La herradura, October 2015
La herradura, October 2015
Open Huis is a range of bottle openers, inspired by the façades ‘gevels’ of Dutch houses. There are four styles to choose from, one depicting an iconic, minimal house and the other three representing traditional Dutch façades.
This was the last design project I worked on with Michiel, one that I really enjoyed as it involved creating a collection of similar designs with varying features, whilst also designing with precise measurements for functionality in an original way. As with other projects, I was also tasked with the photography and packaging of the products and I was very pleased with the finished collection, and the public’s overall response. These are also for sale at Shapeways.
When Dutch designer Michiel Cornelissen learned that the Tour de France was making his home town of Utrecht the starting point for the race, he set out to create ‘Detour’, a collection of jewellery to honour the event.
“It is, anyway, hard to not love bicycles when you’re from Holland – so when the Tour de France passes through town, that’s all the reason you need to create an homage to them”, says Michiel Cornelissen.
Detour was one of the last design projects I assisted Michiel with, contributing with the collections name, producing the press photos and designing the cufflinks by myself! This was a great project to apply my jewellery design skills too and to also design something with an event in mind – The Tour de france 2015. The final collection consisted of cufflinks and a handlebar pendant in three finishes: polished brass, steel and bronze steel. Also available on Shapeways.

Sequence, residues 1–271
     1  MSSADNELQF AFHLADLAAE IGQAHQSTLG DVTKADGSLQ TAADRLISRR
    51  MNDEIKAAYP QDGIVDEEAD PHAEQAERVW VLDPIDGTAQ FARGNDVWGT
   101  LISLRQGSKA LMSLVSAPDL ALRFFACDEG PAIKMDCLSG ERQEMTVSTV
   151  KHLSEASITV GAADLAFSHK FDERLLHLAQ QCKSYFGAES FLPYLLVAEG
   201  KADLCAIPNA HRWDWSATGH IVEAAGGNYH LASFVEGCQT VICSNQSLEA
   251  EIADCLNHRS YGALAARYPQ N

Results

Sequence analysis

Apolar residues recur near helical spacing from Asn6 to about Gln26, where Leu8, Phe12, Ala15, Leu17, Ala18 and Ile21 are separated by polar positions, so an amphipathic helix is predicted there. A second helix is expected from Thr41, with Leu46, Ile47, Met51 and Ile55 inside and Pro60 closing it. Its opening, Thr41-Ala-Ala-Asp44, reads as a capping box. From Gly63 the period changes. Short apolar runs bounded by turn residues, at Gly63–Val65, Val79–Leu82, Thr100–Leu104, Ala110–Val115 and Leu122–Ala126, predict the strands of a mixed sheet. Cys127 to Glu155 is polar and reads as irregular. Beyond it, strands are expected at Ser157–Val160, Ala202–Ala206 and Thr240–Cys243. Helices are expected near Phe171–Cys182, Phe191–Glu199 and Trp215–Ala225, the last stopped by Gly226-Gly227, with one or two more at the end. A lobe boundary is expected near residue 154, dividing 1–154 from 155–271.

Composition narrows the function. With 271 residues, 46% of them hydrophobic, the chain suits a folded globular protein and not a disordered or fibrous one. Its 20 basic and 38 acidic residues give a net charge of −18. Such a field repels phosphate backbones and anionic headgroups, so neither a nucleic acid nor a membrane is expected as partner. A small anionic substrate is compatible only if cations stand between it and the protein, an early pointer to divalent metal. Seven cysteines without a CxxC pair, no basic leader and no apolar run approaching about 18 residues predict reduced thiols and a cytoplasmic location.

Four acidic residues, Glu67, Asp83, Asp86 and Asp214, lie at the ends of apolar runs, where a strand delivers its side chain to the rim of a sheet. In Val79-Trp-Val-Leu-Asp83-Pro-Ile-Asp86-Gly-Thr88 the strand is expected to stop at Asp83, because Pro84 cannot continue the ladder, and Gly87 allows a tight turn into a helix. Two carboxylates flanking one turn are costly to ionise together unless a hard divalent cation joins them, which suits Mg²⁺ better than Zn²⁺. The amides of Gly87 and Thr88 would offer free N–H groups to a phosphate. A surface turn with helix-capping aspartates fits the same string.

One of the things I really enjoy about my job, is working in a environment that promotes creative designing and provides the resources so that we can solve problems with new and dynamic solutions.
Now this may sound like an exaggeration for what is to follow. But personally for me, I really get a kick out of being able to think up / work on a digital design and print it myself. Never resorting to going to the shops or any tradesman to help make my vision a reality.
An example of what I am referring to is the new jewellery display in the MCHL shop.
What we have here is the lovely and minimal SANNOLIKT curtain rail shelving by Ikea. We originally got this because with our ever increasing jewellery deigns, we felt they deserved a better display than what they currently had.
However, once it was installed, we felt there was something missing. The necklaces were having to be tied (looped over) the wooden rail and it did not make the display look very neat, but we were also wary about it’s affect on the customers.
This is where the fun started….
I was given the task of designing a hook, that would be 3d-printed in the studio to hang the necklaces from. It had to fit the diameter of the rail, without being too loose but with still enough movement to slide it length ways. It should also have enough space to fit the necklace (or chain) easily onto the hook, but without making it easy for shoplifters.
This was the result….
Overall, this little project was tremendously satisfying for me. I was able to create the file and print the final part relatively quickly and the end result was really great. The colour and shape of the design fitted in really well with the Ikea product, so much so that we even tweeted it to @ikeanederland
For me, this is one of the reasons I became interested in CAD/CAM and 3D printing: being able to think of and create new and innovative design solutions.
For anyone who is interested in virtual reality interfaces or the developments within gaming software and hardware, you will have heard of the Oculus Rift.
The Oculus Rift is a virtual reality, head mounted display, developed by Oculus VR, that allows the user to be immersed within the game they are playing. With the additional headphones, this could be considered the ultimate gaming experience.